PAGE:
Thanks Ben
  • The future for Apple ARM looks quite good. I'm looking forward to seeing what's coming after this currently available M1.

    Native can make a huge difference. I got to run Intel & M1 versions Davinci Resolve on a M1. The Intel version about as well as on any Intel based Mac and the native version noticeably faster for several things.
  • Update: the latest version of SecuritySpy is now a Universal build that runs natively on both Intel and Apple Silicon Macs.
  • If this is helpful, I ran Ben's Video Codec Test App on a new M1 MacBook Air with 8GB RAM, 8 cores, and 8 GPU's. Its numbers were very high compared to the iMacs and MacBook Pros I have comparison. M1 MacBook Air showed a throughput of 420PFS running the Decode H.264 4K test with checkmarks next to Software CPU and Internal hardware.

    In comparison, the MBP (2018) with 2.9 GHz 6-Core Intel Core i9 and 32GB ram scored 179 FPS on the same settings.

  • @mjcmjc - yes, these are the results I'm seeing too on the M1 chip. You should see that decoding H.265 across both hardware and software is even faster - I'm seeing a throughput of 570 fps, which is fantastic (about the same performance as a 10-core iMac Pro).

    If you compare your Intel MacBook Pro against the M1, with hardware-only H.264 or H.265 decoding, I expect that the Intel will provide better performance. Its hardware decoding capabilities are provided by Intel's Quick Sync Video module build into the CPU, which is very powerful. The issue with the Intel is that adding software decoding on top of this does not increase performance further - there seems to be some interaction here between software and hardware decoding that prevents this, which is probably a limitation of the chip design.

    In comparison, the M1's hardware decoding capabilities are a bit lower than the Intel's, but its software capabilities are much higher, and in addition it doesn't have the above limitation, so when doing both hardware+software processing you get the sum of both.
  • Thanks Ben,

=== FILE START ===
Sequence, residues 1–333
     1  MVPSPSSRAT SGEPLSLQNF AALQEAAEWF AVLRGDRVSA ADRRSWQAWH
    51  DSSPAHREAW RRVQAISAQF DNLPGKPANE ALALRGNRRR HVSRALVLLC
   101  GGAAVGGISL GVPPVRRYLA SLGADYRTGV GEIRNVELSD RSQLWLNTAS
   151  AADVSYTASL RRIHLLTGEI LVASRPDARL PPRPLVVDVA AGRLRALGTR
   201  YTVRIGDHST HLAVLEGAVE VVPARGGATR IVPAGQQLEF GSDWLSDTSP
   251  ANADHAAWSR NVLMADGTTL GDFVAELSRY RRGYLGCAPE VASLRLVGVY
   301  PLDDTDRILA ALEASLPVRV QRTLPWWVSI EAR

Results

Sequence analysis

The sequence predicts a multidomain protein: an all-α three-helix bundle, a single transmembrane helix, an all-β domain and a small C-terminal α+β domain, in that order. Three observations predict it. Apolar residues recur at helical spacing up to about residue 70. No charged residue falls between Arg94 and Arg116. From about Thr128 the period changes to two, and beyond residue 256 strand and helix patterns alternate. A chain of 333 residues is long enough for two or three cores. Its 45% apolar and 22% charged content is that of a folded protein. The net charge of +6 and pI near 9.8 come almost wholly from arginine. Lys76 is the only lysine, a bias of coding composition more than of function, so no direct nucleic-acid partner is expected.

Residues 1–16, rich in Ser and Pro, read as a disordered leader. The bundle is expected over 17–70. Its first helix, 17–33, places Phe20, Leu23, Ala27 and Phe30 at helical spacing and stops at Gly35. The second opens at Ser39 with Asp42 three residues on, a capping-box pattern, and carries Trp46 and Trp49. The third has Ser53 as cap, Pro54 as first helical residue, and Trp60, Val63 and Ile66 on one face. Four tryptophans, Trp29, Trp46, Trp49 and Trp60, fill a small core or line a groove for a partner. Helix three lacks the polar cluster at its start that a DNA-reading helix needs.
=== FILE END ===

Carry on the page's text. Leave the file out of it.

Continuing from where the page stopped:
Was also pleasantly surprised to see that you pushed out the native M1 SecuritySpy update. Thanks!

    Continue to be very happy with SecuritySpy - running 19 cameras on the M1 with H.265 decoding and the AI motion detection. Only other thing I run on this Mini is Indigo, and it runs headless, but when I screen share into it, its typically 80% idle on the CPU. This is the lowest priced M1, so I'm pretty happy with it, too. Might need to start using more of SS's features. ;)
  • Ben what is the impact of 8GB versus 16Gb in the new M1? And does SS have a setting to tell the M1 to use Software CPU and not hardware? (sorry if this is a dumb question!)
  • Hi @gpsbrad - for more than 8 cameras or so, I would suggest going for the 16GB model to be safe. We are still investigating this and running tests and will update our system requirements calculator, which is designed for Intel Macs, and probably overstates the RAM requirement.

    Yes, when running on any Mac, including the M1 models, you can set SecuritySpy to assign cameras to hardware or software video decoding, as described in this FAQ: I'm getting a "decoder overload" warning, what does this mean?
  • Ben, since S/spy is running in native, you should have added to this list:
  • Hi @DsrtRngr - thanks, this looks like a useful resource. I have now submitted SecuritySpy to this list.